Victory

Front Cover
Dodo Press, 2007 - 348 pages
Joseph Conrad, born Jozef Teodor Konrad Korzeniowski, (1857-1924) was a Polish-born novelist who spent most of his adult life in Britain. He is regarded as one of the greatest English novelists, which is even more notable because he did not learn to speak English well until he was in his 20s. He is recognized as a master prose stylist. Some of his works have a strain of romanticism, but more importantly he is recognized as an important forerunner of modernist literature. His narrative style and anti-heroic characters have influenced many writers, including Ernest Hemingway, D.H. Lawrence and Graham Greene. Writing during the apogee of the British Empire, Conrad drew upon his experiences in the British Merchant Navy to create novels and short stories that reflected aspects of a world-wide empire while also plumbing the depths of the human soul. Amongst his best known works are Heart of Darkness (1899), Lord Jim (1900), Under Western Eyes (1911), Victory (1915) and The Rescue (1920).

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About the author (2007)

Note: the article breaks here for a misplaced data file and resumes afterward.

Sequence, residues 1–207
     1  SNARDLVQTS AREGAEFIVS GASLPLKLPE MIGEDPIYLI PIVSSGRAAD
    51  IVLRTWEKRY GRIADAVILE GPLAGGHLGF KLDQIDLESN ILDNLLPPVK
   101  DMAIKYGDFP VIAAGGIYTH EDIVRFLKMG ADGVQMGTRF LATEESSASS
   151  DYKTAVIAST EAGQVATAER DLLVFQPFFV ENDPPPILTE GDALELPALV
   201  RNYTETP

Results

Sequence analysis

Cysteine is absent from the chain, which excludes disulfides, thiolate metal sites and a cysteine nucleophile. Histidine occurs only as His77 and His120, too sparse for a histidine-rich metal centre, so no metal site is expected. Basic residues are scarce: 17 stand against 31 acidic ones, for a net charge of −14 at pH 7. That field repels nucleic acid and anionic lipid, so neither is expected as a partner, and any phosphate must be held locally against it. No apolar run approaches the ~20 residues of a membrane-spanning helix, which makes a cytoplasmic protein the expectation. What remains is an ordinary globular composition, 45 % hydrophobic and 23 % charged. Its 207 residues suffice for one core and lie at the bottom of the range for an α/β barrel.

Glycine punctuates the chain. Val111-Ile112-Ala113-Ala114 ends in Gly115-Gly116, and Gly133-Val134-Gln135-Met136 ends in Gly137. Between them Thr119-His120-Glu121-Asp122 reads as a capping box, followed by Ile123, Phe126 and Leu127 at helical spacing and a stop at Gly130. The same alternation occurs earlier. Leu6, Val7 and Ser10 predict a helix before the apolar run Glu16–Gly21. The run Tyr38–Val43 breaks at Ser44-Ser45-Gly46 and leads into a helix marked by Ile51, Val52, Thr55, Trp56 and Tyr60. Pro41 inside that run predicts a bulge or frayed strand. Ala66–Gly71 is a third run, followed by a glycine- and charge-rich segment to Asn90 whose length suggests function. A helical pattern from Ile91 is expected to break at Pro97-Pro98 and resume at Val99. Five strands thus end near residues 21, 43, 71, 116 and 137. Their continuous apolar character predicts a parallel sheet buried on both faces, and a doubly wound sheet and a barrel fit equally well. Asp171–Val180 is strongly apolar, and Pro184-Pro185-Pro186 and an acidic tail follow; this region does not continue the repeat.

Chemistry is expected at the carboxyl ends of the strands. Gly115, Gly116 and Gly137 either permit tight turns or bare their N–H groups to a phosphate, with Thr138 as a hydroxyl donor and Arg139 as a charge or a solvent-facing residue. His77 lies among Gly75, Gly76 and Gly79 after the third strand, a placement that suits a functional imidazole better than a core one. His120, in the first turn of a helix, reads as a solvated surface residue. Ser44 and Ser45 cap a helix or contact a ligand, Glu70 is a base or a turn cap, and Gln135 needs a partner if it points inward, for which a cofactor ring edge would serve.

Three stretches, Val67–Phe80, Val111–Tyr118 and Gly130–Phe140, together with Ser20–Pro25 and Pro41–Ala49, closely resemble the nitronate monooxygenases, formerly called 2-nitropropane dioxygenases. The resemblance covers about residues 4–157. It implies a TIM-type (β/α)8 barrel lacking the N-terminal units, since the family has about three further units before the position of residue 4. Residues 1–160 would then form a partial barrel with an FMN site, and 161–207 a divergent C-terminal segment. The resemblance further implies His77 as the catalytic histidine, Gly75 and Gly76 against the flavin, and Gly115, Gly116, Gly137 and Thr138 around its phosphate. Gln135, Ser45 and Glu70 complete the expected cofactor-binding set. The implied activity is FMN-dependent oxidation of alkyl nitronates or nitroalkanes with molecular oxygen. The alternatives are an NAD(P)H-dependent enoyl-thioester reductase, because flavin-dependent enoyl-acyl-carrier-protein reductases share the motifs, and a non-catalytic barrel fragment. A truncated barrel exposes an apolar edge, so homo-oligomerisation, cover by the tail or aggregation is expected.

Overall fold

Joseph Conrad is recognized as one of the 20th century's greatest English language novelists. He was born Jozef Konrad Nalecz Korzeniowski on December 3, 1857, in the Polish Ukraine. His father, a writer and translator, was from Polish nobility, but political activity against Russian oppression led to his exile. Conrad was orphaned at a young age and subsequently raised by his uncle. At 17 he went to sea, an experience that shaped the bleak view of human nature which he expressed in his fiction. In such works as Lord Jim (1900), Youth (1902), and Nostromo (1904), Conrad depicts individuals thrust by circumstances beyond their control into moral and emotional dilemmas. His novel Heart of Darkness (1902), perhaps his best known and most influential work, narrates a literal journey to the center of the African jungle. This novel inspired the acclaimed motion picture Apocalypse Now. After the publication of his first novel, Almayer's Folly (1895), Conrad gave up the sea. He produced thirteen novels, two volumes of memoirs, and twenty-eight short stories. He died on August 3, 1924, in England.

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